What are you trying to say?


#17

Adstrinity says:

[

catholicoutlook.com/rpv.php[ I found this on another post here. I’m finding it freaking hilarious. I think if you read it, you will see what St. Paul said, and how Protestants interpret it. It’s AWEsome!!!:cool: :thumbsup:

](“http://catholicoutlook.com/rpv.php")]("http://catholicoutlook.com/rpv.php”)

Hi Ad. Actually I think it’s sad that protestants continue to disregard what the bible actually says. I really like this link you gave, because it is a method I have used when arguing with protestants on other boards. But you know what, I find them stubbornly digging in, and they usually accuse me of “Strawman” arguments, instead of defending their reasoning.

How in the world a protestant could read something like this link you gave and still remain a protestant is way beyond my understanding of human intellect.

Calvin


#18

I don’t think Paul was a Protestant, but I think Protestants identify more with Paul because he wasn’t Peter, KWIM? They can’t discount Peter entirely, obviously, but Peter=Papacy to many Protestants, so they focus on Paul instead. Paul fits very neatly into sola scriptura, whereas Peter more represents the tradition of the Church. Does that make sense?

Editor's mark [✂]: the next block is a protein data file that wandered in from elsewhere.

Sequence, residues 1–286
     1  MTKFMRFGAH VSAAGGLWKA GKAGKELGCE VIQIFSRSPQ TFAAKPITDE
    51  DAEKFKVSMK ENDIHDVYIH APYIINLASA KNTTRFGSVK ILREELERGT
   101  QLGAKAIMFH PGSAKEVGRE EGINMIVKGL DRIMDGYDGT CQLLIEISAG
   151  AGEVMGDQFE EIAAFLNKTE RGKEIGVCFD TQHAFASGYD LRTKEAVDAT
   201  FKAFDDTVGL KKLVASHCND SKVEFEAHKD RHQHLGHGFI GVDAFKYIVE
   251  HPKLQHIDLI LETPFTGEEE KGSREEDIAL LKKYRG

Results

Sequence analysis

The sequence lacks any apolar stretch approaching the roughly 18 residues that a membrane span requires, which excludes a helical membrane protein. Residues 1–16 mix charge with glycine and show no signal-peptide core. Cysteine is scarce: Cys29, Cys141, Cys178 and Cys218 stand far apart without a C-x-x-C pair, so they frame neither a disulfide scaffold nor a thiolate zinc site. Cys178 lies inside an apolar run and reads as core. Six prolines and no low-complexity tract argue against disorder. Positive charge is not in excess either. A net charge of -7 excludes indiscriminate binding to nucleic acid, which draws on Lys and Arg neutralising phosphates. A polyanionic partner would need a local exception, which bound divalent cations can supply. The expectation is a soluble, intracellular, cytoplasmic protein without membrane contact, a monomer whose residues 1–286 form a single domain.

#19

[quote=adstrinity]I used to hate Hate HATE St. Paul until I understood him. :slight_smile:
[/quote]

I’m quite glad you changed your mind! Paul was sent by Jesus himself! Acts 9:1-31

[quote=adstrinity]Yeah, so, he rebuked St. Peter to his face?
[/quote]

Ever wonder why Jesus would personally recruit someone who would be willing to stand toe-to-toe with Peter? Probably because that is exactly what Peter needed. Paul was a one-man House of Commons. His legacy is the Magna Carta.


#20

Paul was talking to people who thought all they had to do was be good people and so he emphasized the need for faith. On the other hand, James was talking to people who thought all they needed was faith and so he emphasized the need for works.